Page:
Reply
    • Margaret Coats

      I have a feeling that our idiom “white caps” may be “blanches voiles” or “white sails” in French, as the poem says waves have a wake of them. And with “dormants” or “sleeping” waves, we can also think of “night caps.” Glad you like the line!

      Reply
  4. Jeff Eardley

    Margaret, simmering, glimmering, shimmering, glittering and flickering. What a star of translation you are. These are lovely to read, particularly, “The Velocipede” from a writer that I have never heard of.. but I have now. Thank you.

    Reply
    • Margaret Coats

      Thank you, Jeff. Banville was a kind of early formalist, who thought Romantic poetry was too sloppy. Although he wrote carefully and clearly in more common lyric forms, he was also one who took up these medieval forms and made good use of them, as many of us are doing today. If you read French at all, he is worthwhile reading.

      Reply
  5. Paul Freeman

    Thanks for the three fine reads, Margaret. I particularly enjoyed ‘Summer’.

    And what an amazing illustration to accompany ‘The Velocipede’! That fella’s going at a cracking rate.

    Reply
    • Margaret Coats

      Banville’s “Summer” is a forceful poem showing the season as attractive and oppressive at once. I too admire the illustration, so well suited as it is to “The Velocipede,” with the velocipede-man (coattails flying) demonstrating his evolutionary superiority by winning a race with a horse!

      Reply
  6. Brian Yapko

    Margaret, all of these little poems are gems both as translations and as a delightful pieces of poetry in their own right. I’m particularly impressed with your ability to find and use meaningful rhymes for “summer.” I also am impressed by the slightly strange good humor of The Velocipede — de Banville’s singularly unlikely subject for a poem which you really made the most of. I think your Darwin “translation” was a most clever choice. But of the three I most enjoyed The Stars. It is a lovely poem with lovely imagery. Most memorable for me are those “diamond bonfires simmering” – a splendid translation of the otherwise unrhymable “blazes of diamonds.”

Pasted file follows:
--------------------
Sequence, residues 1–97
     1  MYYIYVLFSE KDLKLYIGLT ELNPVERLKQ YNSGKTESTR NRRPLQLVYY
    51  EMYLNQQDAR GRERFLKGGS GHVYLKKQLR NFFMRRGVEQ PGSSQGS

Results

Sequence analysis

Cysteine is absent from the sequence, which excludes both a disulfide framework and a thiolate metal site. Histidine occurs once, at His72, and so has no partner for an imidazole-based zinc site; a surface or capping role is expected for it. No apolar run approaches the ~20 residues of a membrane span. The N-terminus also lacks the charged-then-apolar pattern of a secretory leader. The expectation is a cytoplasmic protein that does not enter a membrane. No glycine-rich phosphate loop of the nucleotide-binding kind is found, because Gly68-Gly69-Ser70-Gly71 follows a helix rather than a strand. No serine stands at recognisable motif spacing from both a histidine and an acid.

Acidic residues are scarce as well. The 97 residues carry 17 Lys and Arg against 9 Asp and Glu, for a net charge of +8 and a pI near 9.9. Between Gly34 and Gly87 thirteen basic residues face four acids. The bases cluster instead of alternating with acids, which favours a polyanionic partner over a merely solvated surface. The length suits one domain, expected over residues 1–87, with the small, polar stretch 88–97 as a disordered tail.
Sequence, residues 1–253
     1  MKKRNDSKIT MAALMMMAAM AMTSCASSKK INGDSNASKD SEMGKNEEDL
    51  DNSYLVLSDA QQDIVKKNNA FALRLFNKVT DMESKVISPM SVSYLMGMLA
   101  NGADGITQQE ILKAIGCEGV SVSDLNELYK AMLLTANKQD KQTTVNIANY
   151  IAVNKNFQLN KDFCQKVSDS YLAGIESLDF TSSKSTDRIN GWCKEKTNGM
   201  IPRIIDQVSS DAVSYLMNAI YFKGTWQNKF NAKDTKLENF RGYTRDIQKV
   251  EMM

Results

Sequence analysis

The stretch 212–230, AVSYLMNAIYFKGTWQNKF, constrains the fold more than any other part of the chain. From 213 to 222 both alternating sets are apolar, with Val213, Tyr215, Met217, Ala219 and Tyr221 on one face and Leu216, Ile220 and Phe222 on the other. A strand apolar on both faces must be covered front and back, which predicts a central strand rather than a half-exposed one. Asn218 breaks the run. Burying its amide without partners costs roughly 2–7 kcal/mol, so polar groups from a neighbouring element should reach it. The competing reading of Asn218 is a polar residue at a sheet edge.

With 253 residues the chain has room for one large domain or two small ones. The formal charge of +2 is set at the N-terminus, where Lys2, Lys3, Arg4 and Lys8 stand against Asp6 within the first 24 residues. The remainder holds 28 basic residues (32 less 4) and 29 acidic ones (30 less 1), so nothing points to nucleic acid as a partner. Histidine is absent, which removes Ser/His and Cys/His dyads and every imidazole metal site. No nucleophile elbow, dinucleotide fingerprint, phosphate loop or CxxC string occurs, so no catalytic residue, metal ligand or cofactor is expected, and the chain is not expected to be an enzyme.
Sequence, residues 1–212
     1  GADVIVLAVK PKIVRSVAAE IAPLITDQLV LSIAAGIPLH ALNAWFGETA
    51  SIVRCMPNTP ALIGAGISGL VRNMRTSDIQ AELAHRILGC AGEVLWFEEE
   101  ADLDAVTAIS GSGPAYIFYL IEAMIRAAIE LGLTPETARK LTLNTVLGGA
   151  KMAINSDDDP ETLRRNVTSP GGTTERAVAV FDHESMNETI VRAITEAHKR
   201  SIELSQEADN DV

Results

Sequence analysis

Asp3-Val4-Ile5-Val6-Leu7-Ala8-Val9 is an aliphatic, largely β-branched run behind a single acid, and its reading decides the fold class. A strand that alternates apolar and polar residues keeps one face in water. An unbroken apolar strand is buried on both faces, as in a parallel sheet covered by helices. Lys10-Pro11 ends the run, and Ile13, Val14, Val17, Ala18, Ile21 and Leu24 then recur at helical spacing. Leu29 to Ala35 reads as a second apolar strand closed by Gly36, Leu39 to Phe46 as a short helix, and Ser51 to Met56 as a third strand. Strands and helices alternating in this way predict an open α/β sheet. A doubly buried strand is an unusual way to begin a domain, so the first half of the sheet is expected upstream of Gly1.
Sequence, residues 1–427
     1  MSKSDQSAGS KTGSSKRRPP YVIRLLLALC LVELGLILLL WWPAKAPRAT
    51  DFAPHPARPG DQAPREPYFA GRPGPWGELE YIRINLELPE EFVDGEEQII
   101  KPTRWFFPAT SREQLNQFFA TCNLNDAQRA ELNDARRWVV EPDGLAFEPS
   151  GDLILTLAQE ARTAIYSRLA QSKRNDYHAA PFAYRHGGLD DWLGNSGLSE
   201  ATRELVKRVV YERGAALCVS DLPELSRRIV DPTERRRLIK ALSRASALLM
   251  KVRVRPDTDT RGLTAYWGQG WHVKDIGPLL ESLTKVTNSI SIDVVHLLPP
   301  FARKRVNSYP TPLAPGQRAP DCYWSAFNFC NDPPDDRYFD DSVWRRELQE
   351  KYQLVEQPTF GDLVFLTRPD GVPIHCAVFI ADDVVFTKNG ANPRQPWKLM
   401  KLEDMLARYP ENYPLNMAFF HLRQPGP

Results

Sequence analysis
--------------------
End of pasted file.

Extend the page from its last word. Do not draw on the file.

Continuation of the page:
Reply
    • Margaret Coats

      “The Stars” is also my favorite, because Banville takes a scene that is somewhat commonplace (looking up at the stars and wondering at the beauty of God’s creation), and makes a personal jewel of it. This is the poem where I see this poet most clearly. He waits until the last few words to turn it into a first person singular utterance, and then we realize that the carefully crafted loveliness of the whole reveals the man’s heart.

      Reply
  7. Jack “Michael” Dashiell

    I do more than pardon your French, translated as it is, these are witty, brilliant and marvelous poems.

    Reply
    • Margaret Coats

      Thank you! I chose three different topics as a Banville variety pack, and I’m happy that all of them pleased you.

      Reply
  8. Clare Tierney

    Thanks for telling me about this. Wish I had that power on a spinner! The drought heat is savage, and would love to see stars like these over some cool billows. Very nice lines.

    Reply
    • Margaret Coats

      Thank you for your comment, Clare. I’m glad you enjoy all three poems, and I hope we pass through this drought soon!

      Reply
  9. Susan Jarvis Bryant

    Margaret, these translations are impressive and intriguing. I’m smitten with these forms – the rondel is becoming my new favorite. I tackled one recently, and thoroughly enjoyed the challenge. The triolet is remarkable… I love the humor. I agree with Brian on the clever “Darwin” choice. This is a grin of a translation that I am sure would make Théodore de Banville proud, changes and all. My favorite is “Summer”. I love the searing hiss of the sibilance in the repeating line. It reminds me of the hellish boil we’re experiencing in Texas right now… and our air con is on the blink! I also like the cruel blow of these wonderful lines: “To brutal burning he exposes /Both withered age and green newcomer”. I appreciate your skills – thank you very much indeed!

    Reply
    • Margaret Coats

      Best wishes, Susan, for quick relief from the savage Texas summer, even if you like the poem. As you are on the coastal plains, it must be humid; you did say “boiling”! Glad these pieces could provide some entertainment, as examples of the forms you are working with. We can really use some more good examples of the fair forms in English, and these are so short they don’t take much time before you can relax for a vacation break–my favorite part of summer.

      Reply